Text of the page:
Gov Should Make SharePoint a Priority

May 23, 2023

Gov Should Make SharePoint a Priority

Governments play an essential role in their communities by delivering a multitude of services to their constituents. But adapting to the modern digital age sometimes conflicts with oversight, bureaucracy, and a long history of paper-based solutions.

Document management is a particularly troublesome pain point for many government organizations. Converting workflows and processes to digital solutions greatly reduces turnaround time for both routine and bespoke activities, not to mention saving lots of trees from needless death. Instead of workers sifting through stacks of papers, walking back and forth to filing cabinets, and using inter-office mail to deliver key documents to the next person in the process, those tasks all get handled with a few keystrokes and mouse clicks.

Transmitting data electronically also introduces some new challenges and security sits at the top of this list. Documents previously stored in secure physical locations—with paper access logs for the most sensitive files—are now easily-distributed digital assets stored in multiple locations often lacking proper access controls. Not only does this pose the risk of materials ending up in the wrong hands, but it also introduces version control issues arising from different iterations of the same file remaining in circulation.

A solution waiting in the wings

Luckily, most government organizations already have a fully-featured document management system at their disposal as part of their Microsoft 365 subscriptions. By managing documents using SharePoint, organizations can get a better grasp on keeping things organized and secure while streamlining processes and reducing errors.

With SharePoint, organizations can securely share and collaborate on documents—even those containing sensitive information—at any time and from any location. By emailing SharePoint links rather than attaching those files to emails, multiple safety checkpoints remain in place:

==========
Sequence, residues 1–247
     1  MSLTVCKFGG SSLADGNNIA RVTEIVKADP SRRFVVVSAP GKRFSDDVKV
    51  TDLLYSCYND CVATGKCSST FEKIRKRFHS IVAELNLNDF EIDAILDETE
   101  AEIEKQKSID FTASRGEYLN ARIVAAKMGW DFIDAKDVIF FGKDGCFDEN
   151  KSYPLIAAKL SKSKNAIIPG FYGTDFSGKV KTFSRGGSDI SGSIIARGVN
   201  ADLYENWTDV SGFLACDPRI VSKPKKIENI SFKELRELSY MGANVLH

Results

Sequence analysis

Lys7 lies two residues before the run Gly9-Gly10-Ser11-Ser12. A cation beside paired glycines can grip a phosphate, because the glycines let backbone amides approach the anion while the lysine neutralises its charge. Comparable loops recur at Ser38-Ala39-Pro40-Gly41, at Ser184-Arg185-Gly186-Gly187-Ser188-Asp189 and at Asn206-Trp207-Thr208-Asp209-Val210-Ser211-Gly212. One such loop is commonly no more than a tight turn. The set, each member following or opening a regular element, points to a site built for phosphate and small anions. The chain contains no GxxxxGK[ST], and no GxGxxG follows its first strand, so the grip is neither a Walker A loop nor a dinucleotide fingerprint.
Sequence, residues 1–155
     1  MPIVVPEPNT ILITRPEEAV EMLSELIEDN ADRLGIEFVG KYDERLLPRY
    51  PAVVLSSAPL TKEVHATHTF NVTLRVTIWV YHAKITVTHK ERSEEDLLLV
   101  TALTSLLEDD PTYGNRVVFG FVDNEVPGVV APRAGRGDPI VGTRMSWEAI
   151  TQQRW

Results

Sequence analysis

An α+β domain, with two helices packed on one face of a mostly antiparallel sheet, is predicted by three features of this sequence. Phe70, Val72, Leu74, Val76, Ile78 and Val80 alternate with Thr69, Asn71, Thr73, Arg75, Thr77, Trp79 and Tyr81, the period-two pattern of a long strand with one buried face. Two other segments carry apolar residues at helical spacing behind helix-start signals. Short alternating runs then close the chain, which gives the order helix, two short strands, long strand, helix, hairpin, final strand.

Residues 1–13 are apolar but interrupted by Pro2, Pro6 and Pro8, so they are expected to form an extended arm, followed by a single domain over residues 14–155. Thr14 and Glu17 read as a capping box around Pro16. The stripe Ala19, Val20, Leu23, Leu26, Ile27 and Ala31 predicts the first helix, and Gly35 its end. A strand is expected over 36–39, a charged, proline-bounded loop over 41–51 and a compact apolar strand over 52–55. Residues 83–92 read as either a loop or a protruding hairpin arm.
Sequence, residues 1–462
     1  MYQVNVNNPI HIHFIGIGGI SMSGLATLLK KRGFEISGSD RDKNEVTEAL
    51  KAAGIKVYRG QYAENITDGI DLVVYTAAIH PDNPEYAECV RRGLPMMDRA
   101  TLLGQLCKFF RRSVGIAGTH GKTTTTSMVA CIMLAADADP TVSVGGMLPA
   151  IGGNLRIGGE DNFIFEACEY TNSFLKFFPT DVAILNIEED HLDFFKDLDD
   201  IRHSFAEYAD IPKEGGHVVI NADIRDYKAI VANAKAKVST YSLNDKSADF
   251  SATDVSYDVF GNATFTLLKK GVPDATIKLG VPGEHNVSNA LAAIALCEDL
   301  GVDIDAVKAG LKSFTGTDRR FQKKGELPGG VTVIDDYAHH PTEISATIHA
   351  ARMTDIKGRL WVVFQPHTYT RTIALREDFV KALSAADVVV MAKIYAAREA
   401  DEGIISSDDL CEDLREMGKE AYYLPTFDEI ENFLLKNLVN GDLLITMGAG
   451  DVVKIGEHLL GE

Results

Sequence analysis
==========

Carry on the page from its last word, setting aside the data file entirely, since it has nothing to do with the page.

• Unlike emailed files—which can be forwarded as attachments to anyone within or outside the organization—these remain on a secure server.
  • Access gets granted at different levels, giving some individuals or departments the power to make edits while others are limited to view-only access.
  • By emailing links, storage space isn’t wasted on saving various copies in different employee accounts.
  • Once a file is on SharePoint, there is now one single source of truth. Everyone can see the latest version and outdated ones won’t float around causing problems. Plus, there’s an audit trail of when changes were made.
  • Files can be organized in a logical folder/directory structure so all relevant materials to any matter are colocated for easier discovery, management, and—if necessary—destruction.
  • Dashboards and reports provide real-time visibility into usage.
  • Many government organizations operate out of multiple offices, have remote employees, and/or need access to documents while in the field. But distance is no longer a barrier to collaboration and sharing important files, as everyone can access SharePoint from anywhere with an Internet connection.

Using metadata in SharePoint also adds additional levels of context and discoverability, particularly for files pertaining to multiple projects or departments.

Improving the user experience